Commissioner Shorb was very responsive. He contacted the right department as well as another commissioner, determined that the township *was* responsible for the intersection, and got them to commit to fixing it soon. I wrote to him late Wednesday night, and by Friday morning it was fixed.

It's still a dangerous intersection, and we cross it with great care. But it's slightly less dangerous than it was, because I made sure they knew it was broken.

2. I got a Tree Trimmed that was Obstructing the Sidewalk in front of a Senior Center

the tree I got trimmedAlso between us and Rosie's school is a retirement home called Colonial Manor. I'ts right next door to her school. The front has a drive-through drop-off, so most pedestrians going in the building don't use the very front sidewalk, which is in front of the covered drop-off area. So it wasn't that surprising that a small tree in front there had gotten overgrown and had branches sticking over the sidewalk at approximately the height of my chest. Rosie could walk right under it, but I couldn't.

I could see where the tree had previously been pruned so as not to obstruct the sidewalk before, so when I got tired of either doubling over to pass under it or stepping off the sidewalk to walk around it, I gave them a call. The grounds maintenance person I spoke to had not noticed the tree was overgrowing the sidewalk, and it was pruned the next day.

How do I know this affects people other than just us? Now there is a resident of the home who takes himself out there on nice days and sits under that tree with his wheelchair on the sidewalk, just before lunchtime. He himself obstructs the sidewalk, but we don't mind. He smiles and waves to us when we pass by. He never speaks and my guess from his appearance is that he's had a tracheotomy. I've explained to Rosie that he probably doesn't have much of a voice, so we sometimes talk to him and don't expect him to talk back and he sometimes nods or shakes his head if Rosie asks a question.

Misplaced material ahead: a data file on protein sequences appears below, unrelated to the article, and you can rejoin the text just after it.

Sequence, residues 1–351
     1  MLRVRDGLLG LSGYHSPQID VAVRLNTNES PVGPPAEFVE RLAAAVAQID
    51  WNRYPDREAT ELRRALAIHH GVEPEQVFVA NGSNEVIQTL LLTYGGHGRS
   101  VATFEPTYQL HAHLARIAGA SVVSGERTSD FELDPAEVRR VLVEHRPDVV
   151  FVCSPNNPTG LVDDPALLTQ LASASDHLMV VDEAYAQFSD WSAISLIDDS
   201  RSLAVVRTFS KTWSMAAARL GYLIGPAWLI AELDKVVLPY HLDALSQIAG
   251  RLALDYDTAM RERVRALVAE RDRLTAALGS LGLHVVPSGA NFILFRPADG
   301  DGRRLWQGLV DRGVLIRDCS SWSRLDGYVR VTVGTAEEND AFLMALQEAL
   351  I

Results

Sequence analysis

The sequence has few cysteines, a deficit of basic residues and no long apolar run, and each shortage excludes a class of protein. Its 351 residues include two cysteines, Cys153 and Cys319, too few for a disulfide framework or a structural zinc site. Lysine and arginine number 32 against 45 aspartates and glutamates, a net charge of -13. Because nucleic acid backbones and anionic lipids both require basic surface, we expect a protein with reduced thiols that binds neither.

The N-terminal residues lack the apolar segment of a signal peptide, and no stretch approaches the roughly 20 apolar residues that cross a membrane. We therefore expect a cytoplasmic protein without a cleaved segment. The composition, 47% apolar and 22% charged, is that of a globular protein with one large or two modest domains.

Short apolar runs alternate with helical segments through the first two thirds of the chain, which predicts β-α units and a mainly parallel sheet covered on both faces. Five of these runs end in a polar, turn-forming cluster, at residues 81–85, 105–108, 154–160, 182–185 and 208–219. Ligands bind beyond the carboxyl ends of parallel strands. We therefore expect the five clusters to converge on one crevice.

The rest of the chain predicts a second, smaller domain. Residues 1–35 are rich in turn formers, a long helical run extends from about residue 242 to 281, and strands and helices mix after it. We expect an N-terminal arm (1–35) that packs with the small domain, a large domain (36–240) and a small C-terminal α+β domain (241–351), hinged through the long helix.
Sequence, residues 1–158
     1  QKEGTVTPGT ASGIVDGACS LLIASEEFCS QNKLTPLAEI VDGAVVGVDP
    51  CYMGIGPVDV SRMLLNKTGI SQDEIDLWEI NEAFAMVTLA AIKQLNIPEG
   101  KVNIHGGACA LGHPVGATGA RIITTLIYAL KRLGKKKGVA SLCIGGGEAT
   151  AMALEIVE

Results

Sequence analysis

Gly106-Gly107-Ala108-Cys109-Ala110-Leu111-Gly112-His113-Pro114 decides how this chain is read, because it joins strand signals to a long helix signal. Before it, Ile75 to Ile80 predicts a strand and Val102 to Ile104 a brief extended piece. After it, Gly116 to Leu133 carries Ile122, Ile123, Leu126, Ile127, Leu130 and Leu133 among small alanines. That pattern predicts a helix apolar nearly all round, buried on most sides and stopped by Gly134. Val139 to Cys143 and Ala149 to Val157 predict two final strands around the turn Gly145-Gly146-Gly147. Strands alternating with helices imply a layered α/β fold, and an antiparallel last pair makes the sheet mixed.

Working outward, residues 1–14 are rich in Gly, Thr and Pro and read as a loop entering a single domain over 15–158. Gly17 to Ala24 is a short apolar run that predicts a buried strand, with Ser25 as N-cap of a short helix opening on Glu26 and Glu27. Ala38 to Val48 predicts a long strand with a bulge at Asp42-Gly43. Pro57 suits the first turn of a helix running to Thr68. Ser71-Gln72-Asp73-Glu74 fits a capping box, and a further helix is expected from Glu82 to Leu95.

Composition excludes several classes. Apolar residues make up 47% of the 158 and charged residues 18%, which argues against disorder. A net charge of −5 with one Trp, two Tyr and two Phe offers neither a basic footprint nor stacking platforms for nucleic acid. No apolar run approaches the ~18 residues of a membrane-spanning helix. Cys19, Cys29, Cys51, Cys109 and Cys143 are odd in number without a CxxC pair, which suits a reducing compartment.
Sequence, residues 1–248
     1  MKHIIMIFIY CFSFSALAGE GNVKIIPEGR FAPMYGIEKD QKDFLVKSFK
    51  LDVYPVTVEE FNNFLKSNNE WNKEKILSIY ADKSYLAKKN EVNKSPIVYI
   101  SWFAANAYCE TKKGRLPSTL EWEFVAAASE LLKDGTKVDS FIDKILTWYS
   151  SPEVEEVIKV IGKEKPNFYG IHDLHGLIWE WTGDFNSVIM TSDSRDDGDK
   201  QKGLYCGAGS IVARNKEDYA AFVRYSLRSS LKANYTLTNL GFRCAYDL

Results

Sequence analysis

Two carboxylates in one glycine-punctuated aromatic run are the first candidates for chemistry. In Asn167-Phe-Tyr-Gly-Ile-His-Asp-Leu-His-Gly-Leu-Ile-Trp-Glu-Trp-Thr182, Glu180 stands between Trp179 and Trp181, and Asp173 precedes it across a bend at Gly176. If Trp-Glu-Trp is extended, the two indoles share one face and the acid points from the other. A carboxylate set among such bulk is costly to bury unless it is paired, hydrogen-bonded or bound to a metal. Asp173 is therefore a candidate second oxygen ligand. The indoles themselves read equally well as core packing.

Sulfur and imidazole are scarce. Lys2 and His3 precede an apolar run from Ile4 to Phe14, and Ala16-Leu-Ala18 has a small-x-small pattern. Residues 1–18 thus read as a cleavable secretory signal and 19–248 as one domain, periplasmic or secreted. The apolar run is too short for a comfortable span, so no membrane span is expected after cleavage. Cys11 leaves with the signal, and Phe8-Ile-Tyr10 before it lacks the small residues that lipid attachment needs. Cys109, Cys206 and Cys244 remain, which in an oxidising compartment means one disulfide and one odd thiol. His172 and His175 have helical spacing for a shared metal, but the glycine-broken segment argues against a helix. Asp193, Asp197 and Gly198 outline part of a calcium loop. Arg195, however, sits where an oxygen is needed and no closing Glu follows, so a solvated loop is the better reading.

There still aren't a lot of pedestrians there, probably since the sidewalk only goes as far as the end of the retirement complex, and then there's a grassy break before the corner of a risky crossing. It's too bad, though; York Country Day School (YCDS) goes all the way up through high school, and some of those upper school students take classes at York College of Pennsylvania, which is less than a mile away (Brian works there, and he walks from our house). YCP students also do internships at YCDS. It would be better for the environment and individuals health if they could bike or walk that distance. I may do more to try to get that situation improved in our time here, but only if we can also make the intersection safer.

We'll see.

In the meantime, don't be afraid to speak up if your world needs changing. Sometimes the people responsible just haven''t noticed something needs to be taken care of.

Hmph, Oh?

Felicia Day on "Gamer Gate"